Spirits exports from the Republic declined by 16% last year

Effects of Covid pandemic laid bare in report as closure of hospitality venues hits sales

The effects of the Covid-19 pandemic on the drinks sector have been laid bare in an industry report, which shows spirits exports from the Republic declined by 16 per cent last year, while the closure of hospitality venues also had a negative impact on domestic sales.

The annual market report from Drinks Ireland|Spirits shows that the value of spirits exports fell last year to €990 million from €1.18 billion in 2019.

However, the report notes that the fall comes on the back of a number of years of strong growth, with the value of exports growing by 83.6 per cent between 2014 and 2019.

It says the decline last year was due in part to the collapse of global travel retail, which was the second largest market for Irish whiskey and fourth largest for Irish cream liqueur prior to Covid-19.


Recovery in this market “could be slow”, according to the report, and will “likely go hand in hand with international travel returning to a pre-pandemic level”.

The report details that the overall global sales volume of Ireland’s spirits declined slightly, from 20.4 million nine-litre cases in 2019 to 19.7 million last year.

The most popular markets for Irish spirits that are protected by EU rules last year were the United States, United Kingdom, Canada, Germany and Ireland respectively.

Domestic sales

Domestically, the report shows the closure of hospitality venues had a negative impact on the sector, particularly for brands that rely heavily on the on-trade. Overall, sales fell by 4.8 per cent, from 2.4 million nine-litre cases in 2019 to 2.3 million cases last year.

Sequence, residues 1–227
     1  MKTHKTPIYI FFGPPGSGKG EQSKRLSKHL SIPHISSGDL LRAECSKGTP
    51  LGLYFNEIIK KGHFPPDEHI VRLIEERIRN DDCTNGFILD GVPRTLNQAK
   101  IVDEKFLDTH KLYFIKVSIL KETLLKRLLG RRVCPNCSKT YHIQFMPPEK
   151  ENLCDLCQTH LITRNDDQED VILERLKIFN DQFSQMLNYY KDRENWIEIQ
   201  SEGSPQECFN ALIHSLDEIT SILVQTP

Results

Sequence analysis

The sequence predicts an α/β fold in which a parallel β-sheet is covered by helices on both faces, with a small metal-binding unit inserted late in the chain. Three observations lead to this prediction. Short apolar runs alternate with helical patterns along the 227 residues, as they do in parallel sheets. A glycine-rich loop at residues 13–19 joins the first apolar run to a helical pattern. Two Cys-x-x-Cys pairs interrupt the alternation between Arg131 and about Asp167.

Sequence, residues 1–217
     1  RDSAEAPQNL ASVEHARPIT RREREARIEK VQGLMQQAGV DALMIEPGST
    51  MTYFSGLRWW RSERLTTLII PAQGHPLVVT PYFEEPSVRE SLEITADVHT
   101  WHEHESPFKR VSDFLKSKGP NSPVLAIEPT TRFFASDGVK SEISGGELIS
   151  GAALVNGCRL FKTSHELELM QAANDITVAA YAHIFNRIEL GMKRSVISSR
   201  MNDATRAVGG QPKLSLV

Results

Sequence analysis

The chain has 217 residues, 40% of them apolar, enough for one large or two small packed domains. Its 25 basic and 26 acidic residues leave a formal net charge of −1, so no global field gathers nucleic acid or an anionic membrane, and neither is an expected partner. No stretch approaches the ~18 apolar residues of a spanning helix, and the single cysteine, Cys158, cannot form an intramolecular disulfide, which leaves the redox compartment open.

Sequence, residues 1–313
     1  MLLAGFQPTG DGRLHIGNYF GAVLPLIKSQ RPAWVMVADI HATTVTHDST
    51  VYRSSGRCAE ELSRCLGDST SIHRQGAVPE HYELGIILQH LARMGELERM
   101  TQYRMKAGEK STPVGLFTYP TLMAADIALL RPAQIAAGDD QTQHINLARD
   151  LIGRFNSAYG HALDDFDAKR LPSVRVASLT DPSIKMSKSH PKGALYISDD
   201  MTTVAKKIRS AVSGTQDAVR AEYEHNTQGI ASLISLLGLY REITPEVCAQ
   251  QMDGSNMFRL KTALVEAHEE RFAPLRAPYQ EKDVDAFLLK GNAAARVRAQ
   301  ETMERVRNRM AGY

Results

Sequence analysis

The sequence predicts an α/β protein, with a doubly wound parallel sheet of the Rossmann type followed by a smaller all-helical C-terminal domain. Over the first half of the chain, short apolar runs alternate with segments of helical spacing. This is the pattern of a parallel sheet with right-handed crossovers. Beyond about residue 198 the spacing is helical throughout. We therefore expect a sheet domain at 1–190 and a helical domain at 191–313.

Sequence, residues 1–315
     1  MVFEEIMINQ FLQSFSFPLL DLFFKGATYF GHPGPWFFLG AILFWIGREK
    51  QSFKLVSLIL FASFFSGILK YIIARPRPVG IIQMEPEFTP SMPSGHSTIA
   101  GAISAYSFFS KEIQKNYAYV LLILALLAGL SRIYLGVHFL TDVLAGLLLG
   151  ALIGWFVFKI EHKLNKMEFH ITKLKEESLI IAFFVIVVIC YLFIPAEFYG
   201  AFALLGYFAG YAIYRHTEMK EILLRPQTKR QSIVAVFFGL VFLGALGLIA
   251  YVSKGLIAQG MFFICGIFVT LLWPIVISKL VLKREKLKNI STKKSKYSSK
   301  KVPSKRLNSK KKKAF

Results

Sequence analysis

Some spirits categories benefited from the consumer shift to the off-trade in Ireland, according to the report, with Irish cream liqueur sales growing by 26.5 per cent.

Sales of vodka declined by 10.2 per cent last year, but it remained Ireland’s most popular spirit with a 31.6 per cent market share in the category. It was followed by Irish whiskey (26.3 per cent market share), gin/Irish gin (14 per cent), and rum (7.4 per cent).

Sales of gin in Ireland fell by 6.6 per cent between 2019 and 2020. The report says forecasts for the next five-year period suggest that the growth in gin and Irish gin has not ended and that the decline in 2020 will be seen as a “Covid-19 related blip”.

Ireland has the third highest level of excise on spirits in the EU, and Drinks Ireland|Spirits called for a reduction in Budget 2022 to help drive recovery.

Bryan Fallon, chairman of the industry group, said the report shows the spirits sector “did not escape unscathed from the Covid-19 pandemic”.

“Irish hospitality venues are a vital component to the continued growth and prosperity of Ireland’s spirits and craft spirits sector, allowing companies to engage with consumers, so their closure was very much felt,” he said.

“Despite this, the resilience shown by the spirits sector last year in the face of the loss of one of the main consumer channels was remarkable, with producers responding with an increased emphasis on the off-trade and a focus on ecommerce.

“Outside of Covid-19, a number of other challenges remain such as Ireland’s high level of tax on alcohol, which is unsustainable and uncompetitive.

“We are calling on the Government to reduce excise tax by 7.5 per cent in Budget 2022. An excise reduction would boost post-Covid tourism and secure sustainable, long-term growth for Ireland’s drinks and hospitality businesses in 2022 and beyond.

“While 2020 has shown that our sector is resilient and adaptable, this resilience and adaptability will be tested in the post-Covid world, and Government must support in our sectors recovery through an excise cut.”

Colin Gleeson

Colin Gleeson

Colin Gleeson is an Irish Times reporter